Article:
Paperback Í Ariel PDF Ò


Ariel Sylvia Plath's celebrated collectionWhen Sylvia Plath died she not only left behind a prolific life but also her unpublished literary masterpiece Ariel Her husband Ted Hughes brought the collection to life in 1966 and its publication garnered worldwide acclaim This collection showcases the beloved poet’s brilliant provoking and always moving poems including Ariel and once again shows why readers have fallen in love with her work throughout the generations I'm wanting to get into poetry but I have to classify books of poetry in two categories poems I understood and poems I didn't The majority of these poems went over my head I saw in a previous review that Plath writes very personally which I suppose is what went wrong here There were so many abstract references and just being plain honest 80% of these poems I just had no clue what she was trying to communicate other than the fact that she wanted to die Although I didn't grasp most of the poems in this collection I did really enjoy a few Sheep in the Fog Lady Lazarus Tulips and The Rival I was a much bigger fan of The Bell Jar than I am her poetry Inspired by Paul Legault's brilliant idea of translating Emily Dickinson's poems into English I thought immediately I have to steal that idea So here are some of the Ariel poems of Sylvia Plath translated into English I have of course tried my utmost to perform this task with tact discretion and good tasteARIEL TRANSLATED INTO ENGLISHELMLook let's get this straight I am a tree you are a woman We can never be together not in the way you'd like anyway Plus you're kind of irritatingTHE RABBIT CATCHERI went out with this guy once and then I found out he liked to catch rabbits So he was toast I should have dimed the bastardBERCK PLAGEI went on holiday Every single person in the whole hotel was talking about me behind my back I don't like bikinis Don't even get me started on nude beachesTHE OTHERI have something dead in my handbag Tee hee Also I scratched myself and made myself bleed I don't really recommend marriageA BIRTHDAY PRESENTI got a present But I was thinking that if I unwrapped it it would bite my face off So I didn't HahTHE BEE MEETINGI thought I'd like to join in village life and get involved with local societies and all that So I went to the bee keepers' meeting It was like something out of Alfred Hitchcock I liked itSTINGSNow I'm a real bee keeper I get blase about stings It's like a metaphorTHE SWARMBees are kind of like Nazis Or the French I can't decideWINTERINGCountry life can suck I wish I was a bee No I don't really That would be silly I think it would be silly Maybe it wouldn't be sillyA SECRETMen are like big babies that drink beer and want you to wear high class lingerie Okay that's not much of a secretTHE APPLICANTI got this job as a temp So I was filing and I knew I could destroy them if I chose just like that but I didn't choose to that dayDADDYWhen I was little and my dad used to dress up in his SS uniform I used to think he looked so smart and handsome Of course later the penny droppedLESBOSYou really shouldn't have taken the kittens and given them to the neighbours without a by your leave I think I am going to pour sulphuric acid on your head while you are sleeping I'll do it tonight YesFEVER 103I got one of those 48 hour bugs That's why he's still alive If I had any strength in my limbs I would have sulphuric acided his head last nightCUTI nearly cut my fucking thumb off when I was making a casserole for a man I jumped about swearing I could have cut off something useful like his member but no it had to be my thumbPOPPIES IN OCTOBERHave you noticed that everything is slowly dying of carbon monoxide poisoningLADY LAZARUSI like to commit suicide like some people like to visit their grandparents You really don't want to it's kind of a drag and there's nothing to do there but you just feel you have to because you're a good personLETTER IN NOVEMBERDear Ted Fuck you SylviaDEATH COCheer up things could be worse I could be dead Oh no wait a minute this is worse that would be better HmmSHEEP IN FOGWell you know sheep aren't that bright to begin with So when you mix 'em up with a thick fog the results are hilarious Ariel Sylvia Plath Ariel was the second book of Sylvia Plath's poetry to be published It was originally published in 1965 two years after her death by suicide The poems in the 1965 edition of Ariel with their free flowing images and characteristically menacing psychic landscapes marked a dramatic turn from Plath's earlier Colossus poemsContents 1965 versionMorning SongThe CouriersSheep in FogThe ApplicantLady LazarusTulipsCutElmThe Night DancesPoppies in OctoberBerck PlageArielDeath CoLesbos Nick and the CandlestickGulliverGetting ThereMedusaThe Moon and the Yew TreeA Birthday PresentMary's Song Letter in NovemberThe RivalDaddyYou'reFever 103°The Bee MeetingThe Arrival of the Bee BoxStingsThe SwarmWinteringThe Hanging ManLittle FugueYearsThe Munich ManneuinsTotemParalyticBalloonsPoppies in JulyKindnessContusionEdgeWordsتاریخ نخستیم خوانش در ماه جولای سال 2000 میلادیعنوان آریل؛ شاعر سیلویا پلات؛ مترجم کاوه بهزادیسیلویا پلات، شاعریست که نیاز به معرفی ندارد همانطور که میدانید به سال 1932 میلادی، در ایالت «ماساچوست ِ آمریکا» به دنیا آمدند، و در سال 1963 میلادی، در جوانی و اوج، دستان از این جهان شستند از ایشان، کتابهای ِ «آریل»؛ «کتاب ِ بستر»؛ «کلوسوس» «چند شعر ِ دیگر»؛ «درختان ِ زمستانی»؛ «گذر از آب» و؛ و نیز یک رمان با عنوان «حباب ِ شیشه» بر جای مانده استیک هدیه برای تولدچه چیز است در پس ِ این حجاب؟آیا زشت است؟ آیا زیباست؟سوسو میزندروشن و خاموش میشودآیا سینه دارد؟ آیا کنار دارد؟یقین دارم که بی همتاستیقین دارم همان چیزیست که میخواهموقتی که خاموشم در پخت و پزاحساس میکنم نگاه میکنداحساس میکنم فکر میکندآیا همان چیزیست که مرا بیش از اندازه آماده کرده؟آیا همان برگزیده است با چشم حفره های سیاهکه جای زخم بر آن مانده؟اندازه میگیرد انبوه ِ آرد را و تکه میکند اضافه اش رادر حال ِ چسبیدن به دستوراتدستوراتدستوراتآیا همان است که مسیح را در مریم بشارت داد؟خدای ِ من، چه مسخره؛اما سوسو میزندروشن و خاموش میشودصبر نمیکندو فکر میکنم که مرا میخواهدچه فرق میکند؟استخوان باشد یا دکمه ای از مروارید؛به هر حال من امسال چیز زیادی از یک هدیه نمیخواهمچرا که فکر میکنم به تصادفی زنده امچرا که شادمان، خودم را به هر طریق ِ ممکن کشته بودمحالا این حجابها هستند که مانند ِ پرده سوسو میزنندروشناییهای اطلسی ِ یک پنجره ی زمستانیسپید، مثل تختخواب ِ کودکانو برق از نفّس ِ مرده به رنگ دندان ِ فیلباید یک دندان ِ تیز آنجا باشدستونی از اشباح؛نمیتوانید ببینید؟ برایم مهم نیست که چیستآیا تو میتوانی آنرا به من ندهی؟؛خجل نباش، مهم نیست اگر کوچک باشدبخیل نباش، من برای ِ عظمت آماده امبگذارید بنشینیم؛هر یک در سمتی از آندر شگفت از نورانی بودنش، در شگفت از آینه وار بودنشبگذارید آخرین شاممان را بر آن بخوریمآنچنان که بر یک بشقاب در بیمارستانمیدانم که چرا به من نمیدهیش؟تو وحشت کرده ایحالا که جهان از جیغی بالا میرود به همراه سرت بی آنکه پروایی داشته باشیبه شکل ِ یک سپر ِ باستانیاعجازی برای ِ نوادگان ِ شمااما نترسید، این چنین نیستمن تنها میگیرمش و به کناری میگریزمو تو نه صدای ِ باز کردنشنه صدای ِ گسستن ِ زبانشو نه صدای ِ جیغی در انتها خواهی شنیدفکر نمیکنم امتیازی به این احتیاطم بدهیآه اگر میدانستی چگونه این حجابها روزهای مرا میکشنددر نگاه ِ تو آنها خود وضوح و شفافیتند، به شکل ِ هوایی تمیزاما خدای من ابرها این روزها به سان ِ پنبه شده اندارتشی از آنهاارتشی از مونوکسید ِ کربنبه شیرینی، مانند ِ شکر به درون نفس میکشمو رگهایم را از میلیونها پنهانی پر میکنمغبارهای ِ غریبی که بر سالهای ِ عمرم خط میکشندتو لباسهای نقره ایَت را برای این مناسبت بپوشآیا برایتان غیرممکن است چیزی را رها کنید برود؟آیا باید به هر چیزی مُهری ارغوانی بزنید؟آیا باید هر چه را که توانید بکُشید؟آه، من امروز چیزی میخواهم و تو تنها کسی هستی که میتوانی آنرا به من دهیچیزی که پس پنجره ام ایستاده است، به عظمت ِ آسمانچیزی که میان ِ اوراقم نَفَس میکشدآن مرکز ِ مرده را میگویمآنجا که زندگیهای ِ شکاف خورده سرد و سخت به تاریخ گره میخورندنگذار با نامه بیاید، از انگشتی به انگشت ِ دیگرنگذار با کلمه ای از دهان برسدآه، من باید شصت ساله باشمتا زمانی که این همه تحویل داده شودتا خالی از هر احساسی شومتا از آن استفاده کنمتنها بگذار از این نقاب پایین بیایماز این حجاب، حجاب، حجاباگر این مرگ میبودمن سنگینی ِ عمیقش را و چشمان ِ بی انتهایش را تحسین میکردمآنوقت میدانستم تو جدی بودیسپس میتوانست اصالتیسپس میتوانست تولدی در کار باشدو چاقو، نه برای ِ تکه کردن، که برای ِ درون شدن میبودژاو و پاکیزه، به شکل ِ گریه ی یک کودکو جهان از کنار ِ من سرازیر میشد؛آینهنقره ام، دقیقم، بی هیچ نقش پیشینهرچه میبینم بی درنگ میبلعمهمانگونه که هست، نیالوده به عشق یا نفرتبی رحم نیستم، فقط راستگو هستمچشمان خدایی کوچک، چهار گوشهاغلب به دیوار رو به رو میاندیشمصورتی ست و لکه دارآنقدر به آن نگاه کرده ام که فکر میکنمپاره ی دل من استولی پیدا و ناپیدا میشودصورتها و تاریکی بارها ما را از هم جدا میکنند حالا دریاچه امزنی روبرویم خم شده استبرای شناختن خود سرا پای مرا میکاودآنگاه به شمعها یا ماه، این دروغگویان، باز میگرددپشت او را میبینم و همانگونه که هست منعکس میکنمزن با اشک و تکان دادن دست پاداشم میدهدبرای او اهمیت دارم، میآید و میروداین صورت اوست که هر صبح جانشین تاریکی میشوددر من دختری را غرق کرده استو در من زنی سالخورده هر روز به جستجوی اومثل ماهی هولناکی برمیخیزد در مقدمه ی «آریل» اثر «سیلویا پلات»، که دو سال پیش از خودکشی شاعر، در لندن چاپ شد، «رابرت لاول» شاعر معاصر «آمریکا» نگاشته ائد «در این اشعار پلات با خودش یکی میشود، خویشتنی که با طراوت، ظرافت و شقاوت آفریده شد؛ یکی از آن قهرمان اَبَرواقعی و سحرآمیزِ بزرگ کلاسیک لاول راست میگوید که پلات در شعرهای آخرش با خود یکی میشود؛ بخصوص در اشعار دفاتر «گذر از آب» و «آریل» که خودی یکدست، اما مشترک را به وجود میآورد در این مجموعه به ویژه در دفتر اخیر، تجربه های روزمره را با اکسیر اسطوره به احساس و اشتراک عام مبدل میکند»؛ ا شربیانی When I was a kid I loved stories about intrepid explorers who visited places no one had ever seen before and died heroically in the attempt I guess Scott of the Antarctic is the canonical example though later on I discovered to my surprise that Norwegians just think he was an idiot who didn't prepare carefully and that Amundsen was the real hero There is a wonderful episode in Jan Kjærstad's Erobreren which contrasts the English and Norwegian views of these two great menSo what's this got to do with Ariel I was trying to figure out why I like it so much it's been one of my absolute favorite pieces of poetry since I first came across it as a teenager and it struck me that maybe I admired it for similar reasons Sylvia Plath went on an expedition to a sort of emotional Antarctica a place most people have heard of but never visited where you experience love so intensely that it ends up killing you Before that happened however she managed to send back detailed reports of what she'd found there Perhaps another reason why I associate her and the brave Captain Scott is that she died during the English winter of 1963 I was five at the time and some of my first memories are of the bitter cold and of how incredibly deep the snow was I remember that we were snowed in and that my father shovelled a path to the house next door so that we could at least visit them The snow was much higher than his head A few hundred miles away Sylvia had left her husband and was living in London with her two children She killed herself on February 11Here are some of the passages from Ariel that I think of most often I have always assumed that the title poem is about having sex with Ted Hughes though I found out recently that it's also about her horse It ends like thisWhiteGodiva I unpeel Dead hands dead stringenciesAnd now IFoam to wheat a glitter of seasThe child's cryMelts in the wallAnd IAm the arrowThe dew that fliesSuicidal at one with the driveInto the redEye the cauldron of morningThe beginning of Elm is another of my favourite passages which expresses better than anything else I can think of just how painful love can be I remember once showing it to a friend who's had a rather difficult life we'd been having some discussion about poetry She seemed almost physically affected; I remember she turned pale and couldn't finish reading it I wished I'd had senseI know the bottom she says I know it with my great tap rootIt is what you fearI do not fear it I have been thereIs it the sea you hear in meIts dissatisfactionsOr the voice of nothing that was your madnessLove is a shadowHow you lie and cry after itListen these are its hooves it has gone off like a horseAll night I shall gallop thus impetuouslyTill your head is a stone your pillow a little turfEchoing echoingAnd I love the end of Nick and the Candlestick which she apparently wrote to her son two years old at the timeO embryoRemembering even in sleepYour crossed positionThe blood blooms cleanIn you rubyThe painYou wake to is not yoursLove loveI have hung our cave with rosesWith soft rugs The last of VictorianaLet the starsPlummet to their dark addressLet the mercuricAtoms that cripple dripInto the terrible wellYou are the oneSolid the spaces lean on enviousYou are the baby in the barnI was so shocked when I read earlier this year that he had also killed himself But when someone's written a poem like this about you you're as immortal as the unnamed subject of Shakespeare's Sonnet XVIIIBy the way most people have been very dismissive of the movie with Gwynneth Paltrow and Daniel Craig I seem to be one of the rare exceptions; the script was nothing special but I thought Paltrow had done a fine job of capturing her personality on screen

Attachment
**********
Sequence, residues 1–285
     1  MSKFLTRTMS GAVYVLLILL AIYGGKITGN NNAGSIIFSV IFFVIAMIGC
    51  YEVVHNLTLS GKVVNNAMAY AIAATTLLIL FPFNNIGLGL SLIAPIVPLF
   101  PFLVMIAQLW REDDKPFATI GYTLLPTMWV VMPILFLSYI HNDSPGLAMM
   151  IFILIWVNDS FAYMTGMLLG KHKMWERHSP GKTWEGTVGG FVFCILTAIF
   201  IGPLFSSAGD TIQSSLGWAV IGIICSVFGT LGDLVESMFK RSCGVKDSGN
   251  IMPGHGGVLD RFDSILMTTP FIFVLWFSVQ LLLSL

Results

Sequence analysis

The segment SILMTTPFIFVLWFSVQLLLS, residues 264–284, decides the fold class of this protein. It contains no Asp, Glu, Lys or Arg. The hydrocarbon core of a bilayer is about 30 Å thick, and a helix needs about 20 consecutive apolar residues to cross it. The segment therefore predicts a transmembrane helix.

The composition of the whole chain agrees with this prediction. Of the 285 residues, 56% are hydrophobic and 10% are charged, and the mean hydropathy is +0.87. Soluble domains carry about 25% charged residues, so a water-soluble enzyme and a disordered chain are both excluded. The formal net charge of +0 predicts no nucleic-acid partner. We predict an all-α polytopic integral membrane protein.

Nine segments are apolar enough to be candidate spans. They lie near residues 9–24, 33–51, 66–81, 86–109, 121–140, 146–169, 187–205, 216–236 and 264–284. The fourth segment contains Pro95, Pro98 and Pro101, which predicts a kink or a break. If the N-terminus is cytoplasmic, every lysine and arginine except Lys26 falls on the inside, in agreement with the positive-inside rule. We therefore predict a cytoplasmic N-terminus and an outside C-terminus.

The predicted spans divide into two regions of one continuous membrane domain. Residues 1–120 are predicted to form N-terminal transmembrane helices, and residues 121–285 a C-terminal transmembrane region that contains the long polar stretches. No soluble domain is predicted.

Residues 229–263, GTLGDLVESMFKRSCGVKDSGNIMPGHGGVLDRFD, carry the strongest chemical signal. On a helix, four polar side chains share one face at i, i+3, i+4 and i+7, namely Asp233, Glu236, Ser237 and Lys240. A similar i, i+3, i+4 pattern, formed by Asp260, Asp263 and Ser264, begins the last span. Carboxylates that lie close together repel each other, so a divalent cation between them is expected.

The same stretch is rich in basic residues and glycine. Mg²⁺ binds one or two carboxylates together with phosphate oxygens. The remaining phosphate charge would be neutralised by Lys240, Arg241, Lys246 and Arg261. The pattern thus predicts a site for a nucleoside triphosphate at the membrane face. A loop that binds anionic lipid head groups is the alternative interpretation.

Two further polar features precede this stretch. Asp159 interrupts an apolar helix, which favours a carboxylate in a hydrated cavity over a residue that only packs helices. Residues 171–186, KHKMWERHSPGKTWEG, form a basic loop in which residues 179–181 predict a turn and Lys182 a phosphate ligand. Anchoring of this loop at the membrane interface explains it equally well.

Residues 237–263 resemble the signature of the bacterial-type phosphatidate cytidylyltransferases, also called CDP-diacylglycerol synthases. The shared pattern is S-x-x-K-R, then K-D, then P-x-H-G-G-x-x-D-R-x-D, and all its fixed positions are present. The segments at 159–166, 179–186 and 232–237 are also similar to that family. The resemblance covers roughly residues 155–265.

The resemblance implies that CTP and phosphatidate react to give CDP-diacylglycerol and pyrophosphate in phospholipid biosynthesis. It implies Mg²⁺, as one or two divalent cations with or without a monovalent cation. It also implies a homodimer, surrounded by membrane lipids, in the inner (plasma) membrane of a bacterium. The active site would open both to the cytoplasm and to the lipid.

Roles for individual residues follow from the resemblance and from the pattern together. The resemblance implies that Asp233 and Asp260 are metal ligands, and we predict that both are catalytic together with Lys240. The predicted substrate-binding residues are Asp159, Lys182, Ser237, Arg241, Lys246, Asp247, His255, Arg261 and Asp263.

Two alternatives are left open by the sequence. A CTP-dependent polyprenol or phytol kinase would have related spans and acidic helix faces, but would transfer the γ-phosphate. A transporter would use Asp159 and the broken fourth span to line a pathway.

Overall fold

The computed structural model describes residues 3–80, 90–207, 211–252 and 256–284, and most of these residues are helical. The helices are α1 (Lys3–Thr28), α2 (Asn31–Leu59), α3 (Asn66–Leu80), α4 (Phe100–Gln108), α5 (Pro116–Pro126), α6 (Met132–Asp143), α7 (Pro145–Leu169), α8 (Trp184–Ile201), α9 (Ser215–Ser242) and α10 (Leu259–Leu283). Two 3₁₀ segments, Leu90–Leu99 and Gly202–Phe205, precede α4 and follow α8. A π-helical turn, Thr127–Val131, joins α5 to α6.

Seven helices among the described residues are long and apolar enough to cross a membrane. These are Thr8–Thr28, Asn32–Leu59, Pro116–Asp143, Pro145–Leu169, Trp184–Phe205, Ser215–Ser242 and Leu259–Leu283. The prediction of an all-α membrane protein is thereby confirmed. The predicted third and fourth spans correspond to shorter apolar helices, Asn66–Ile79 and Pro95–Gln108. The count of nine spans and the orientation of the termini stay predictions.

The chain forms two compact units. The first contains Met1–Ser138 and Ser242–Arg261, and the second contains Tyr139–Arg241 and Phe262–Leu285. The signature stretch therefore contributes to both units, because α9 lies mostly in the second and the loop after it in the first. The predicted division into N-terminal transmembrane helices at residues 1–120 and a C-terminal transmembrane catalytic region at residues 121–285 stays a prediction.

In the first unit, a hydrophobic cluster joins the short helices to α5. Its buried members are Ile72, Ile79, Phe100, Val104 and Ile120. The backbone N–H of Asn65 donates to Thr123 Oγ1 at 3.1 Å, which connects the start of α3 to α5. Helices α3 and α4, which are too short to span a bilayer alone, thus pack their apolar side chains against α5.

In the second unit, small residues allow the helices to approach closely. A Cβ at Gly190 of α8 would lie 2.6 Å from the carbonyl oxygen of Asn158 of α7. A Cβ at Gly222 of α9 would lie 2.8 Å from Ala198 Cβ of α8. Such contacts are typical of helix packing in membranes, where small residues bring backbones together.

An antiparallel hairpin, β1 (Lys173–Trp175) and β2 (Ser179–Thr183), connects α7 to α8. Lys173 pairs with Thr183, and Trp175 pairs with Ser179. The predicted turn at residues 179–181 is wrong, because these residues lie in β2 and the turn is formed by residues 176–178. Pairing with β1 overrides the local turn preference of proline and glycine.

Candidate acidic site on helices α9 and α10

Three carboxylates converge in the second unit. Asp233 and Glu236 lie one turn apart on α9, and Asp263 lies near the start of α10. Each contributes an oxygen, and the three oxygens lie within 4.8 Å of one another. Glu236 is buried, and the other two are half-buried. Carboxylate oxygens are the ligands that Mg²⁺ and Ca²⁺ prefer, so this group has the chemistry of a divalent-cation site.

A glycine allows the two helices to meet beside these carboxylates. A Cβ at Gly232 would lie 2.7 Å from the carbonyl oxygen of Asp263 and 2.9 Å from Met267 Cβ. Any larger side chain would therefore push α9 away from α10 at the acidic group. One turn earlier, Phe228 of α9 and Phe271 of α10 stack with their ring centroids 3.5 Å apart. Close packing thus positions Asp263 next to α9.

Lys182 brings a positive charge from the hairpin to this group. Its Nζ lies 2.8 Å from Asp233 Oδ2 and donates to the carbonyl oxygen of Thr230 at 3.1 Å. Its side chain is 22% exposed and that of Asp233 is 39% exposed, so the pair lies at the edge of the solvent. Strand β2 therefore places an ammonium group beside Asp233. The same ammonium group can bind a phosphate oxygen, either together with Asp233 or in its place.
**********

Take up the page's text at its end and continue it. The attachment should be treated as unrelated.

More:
• Paperback
  • 105 pages
  • Ariel
  • Sylvia Plath
  • English
  • 27 November 2015
  • 9780060931728

About the Author: Sylvia Plath

Anne Sexton Plath is credited with advancing the genre of confessional poetry initiated by